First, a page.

Japan Warned by US Against Currency Devaluation - Rabobank
Michael Every, Head of Financial Markets Research at Rabobank, notes
that the US Treasury’s semi-annual currency report to Congress has just
named Japan (along with Taiwan, South Korea, China, and Germany) as
countries it is publicly warning against further currency devaluation in
order to counter their own slow growth problems.
“The Treasury’s argument is that all of the above transgress some combination of three new explicit criteria, either: (i) running large trade surpluses with the US; (ii) intervening in FX markets to a large degree; and/or (iii) running large current-account surpluses. The clear US message is that all countries concerned should look to structural reforms and or/fiscal stimulus rather than ‘FX Wars’ to try to grow faster, without which “global growth has suffered and will continue to suffer.”
In other words, Japan is being told to swallow USD/JPY of 107, and perhaps stronger; Germany to accept EUR/USD of nearly 1.15, and China to accept USD/CNY of 6.47 – or face the potential consequences. It remains to be seen how that goes down in each recipient, all of which have relied on other countries doing the heavy lifting for them for years, or even decades. Will they each accept that it’s now USD’s time to shine decline? Or will the mercantilists of the world unite in opposition? After all, they have nothing to lose but their (falling) chained-CPI, and they have a world (export market share) to gain.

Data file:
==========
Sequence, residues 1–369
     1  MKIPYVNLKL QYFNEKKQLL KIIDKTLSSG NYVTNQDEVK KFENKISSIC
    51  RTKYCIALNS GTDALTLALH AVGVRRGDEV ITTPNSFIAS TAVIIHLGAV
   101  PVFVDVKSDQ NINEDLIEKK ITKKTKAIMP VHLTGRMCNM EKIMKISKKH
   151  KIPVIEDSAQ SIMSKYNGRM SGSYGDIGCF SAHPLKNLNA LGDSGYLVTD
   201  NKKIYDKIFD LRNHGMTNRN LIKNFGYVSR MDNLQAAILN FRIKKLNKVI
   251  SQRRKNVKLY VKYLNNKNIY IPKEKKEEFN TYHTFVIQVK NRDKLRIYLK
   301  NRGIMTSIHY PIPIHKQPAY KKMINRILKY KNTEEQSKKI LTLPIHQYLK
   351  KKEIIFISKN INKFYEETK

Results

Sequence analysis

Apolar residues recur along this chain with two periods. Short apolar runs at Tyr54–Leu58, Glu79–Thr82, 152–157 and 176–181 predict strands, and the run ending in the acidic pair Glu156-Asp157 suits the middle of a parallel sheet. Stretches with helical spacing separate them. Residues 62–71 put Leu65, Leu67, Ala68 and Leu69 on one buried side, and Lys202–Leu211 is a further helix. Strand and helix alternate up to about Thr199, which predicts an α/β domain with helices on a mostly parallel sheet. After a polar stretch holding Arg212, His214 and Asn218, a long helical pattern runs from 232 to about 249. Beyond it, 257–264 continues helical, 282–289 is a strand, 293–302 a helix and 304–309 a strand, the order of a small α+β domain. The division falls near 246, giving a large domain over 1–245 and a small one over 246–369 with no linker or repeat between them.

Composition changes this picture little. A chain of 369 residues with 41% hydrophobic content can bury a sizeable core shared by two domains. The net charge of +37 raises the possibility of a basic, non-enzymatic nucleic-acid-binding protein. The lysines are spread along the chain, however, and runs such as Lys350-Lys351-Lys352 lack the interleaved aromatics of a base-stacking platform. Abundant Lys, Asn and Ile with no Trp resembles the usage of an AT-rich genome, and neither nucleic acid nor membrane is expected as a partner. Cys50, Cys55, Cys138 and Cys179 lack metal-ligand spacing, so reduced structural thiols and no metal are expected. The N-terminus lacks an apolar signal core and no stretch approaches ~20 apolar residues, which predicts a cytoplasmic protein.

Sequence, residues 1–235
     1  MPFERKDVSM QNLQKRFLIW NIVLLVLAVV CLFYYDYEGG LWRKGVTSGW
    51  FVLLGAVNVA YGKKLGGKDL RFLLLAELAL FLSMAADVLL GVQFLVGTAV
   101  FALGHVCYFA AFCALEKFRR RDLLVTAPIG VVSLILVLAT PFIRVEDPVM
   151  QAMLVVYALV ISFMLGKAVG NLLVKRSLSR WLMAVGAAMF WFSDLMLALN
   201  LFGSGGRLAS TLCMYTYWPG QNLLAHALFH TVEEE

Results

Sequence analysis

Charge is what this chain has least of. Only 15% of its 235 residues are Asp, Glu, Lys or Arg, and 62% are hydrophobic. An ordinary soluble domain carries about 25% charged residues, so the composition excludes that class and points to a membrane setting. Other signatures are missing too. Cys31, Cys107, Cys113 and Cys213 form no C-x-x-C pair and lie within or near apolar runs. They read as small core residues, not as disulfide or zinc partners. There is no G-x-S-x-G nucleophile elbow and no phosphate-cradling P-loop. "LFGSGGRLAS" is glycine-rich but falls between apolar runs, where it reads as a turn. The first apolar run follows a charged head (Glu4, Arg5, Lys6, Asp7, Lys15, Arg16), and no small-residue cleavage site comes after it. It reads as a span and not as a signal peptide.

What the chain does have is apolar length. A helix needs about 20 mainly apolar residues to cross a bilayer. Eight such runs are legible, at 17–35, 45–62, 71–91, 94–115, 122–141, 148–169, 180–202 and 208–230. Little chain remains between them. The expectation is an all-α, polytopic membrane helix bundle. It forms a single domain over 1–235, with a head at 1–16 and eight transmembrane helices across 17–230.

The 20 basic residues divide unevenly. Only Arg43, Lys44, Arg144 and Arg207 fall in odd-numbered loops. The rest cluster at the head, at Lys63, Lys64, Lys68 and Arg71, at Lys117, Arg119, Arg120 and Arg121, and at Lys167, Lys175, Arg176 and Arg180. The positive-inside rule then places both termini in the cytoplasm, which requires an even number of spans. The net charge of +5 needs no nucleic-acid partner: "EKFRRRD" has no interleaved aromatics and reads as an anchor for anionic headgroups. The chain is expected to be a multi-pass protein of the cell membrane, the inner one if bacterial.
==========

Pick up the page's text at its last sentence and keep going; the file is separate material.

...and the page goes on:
Japan, for example, has already seen Finance Minister Aso say that the recent jump in JPY is a “one-sided speculative move” that is “extremely concerning”, and so it will act on the currency if necessary. (Strike 1!) Germany hasn’t responded, but one imagines that the Mario ‘whatever it takes’ Draghi is unlikely to accept that his room for policy manoeuvre is now dictated by the US. (Strike 2?) China would likely argue that it is already embracing fiscal stimulus, which is certainly is, and is also intent in keeping CNY stable at current levels. Unfortunately, the fundamentals in China say the same thing that they do in Japan and Germany: the currency will eventually have to move much lower or growth will instead. (Strike 3 - You’re out?)”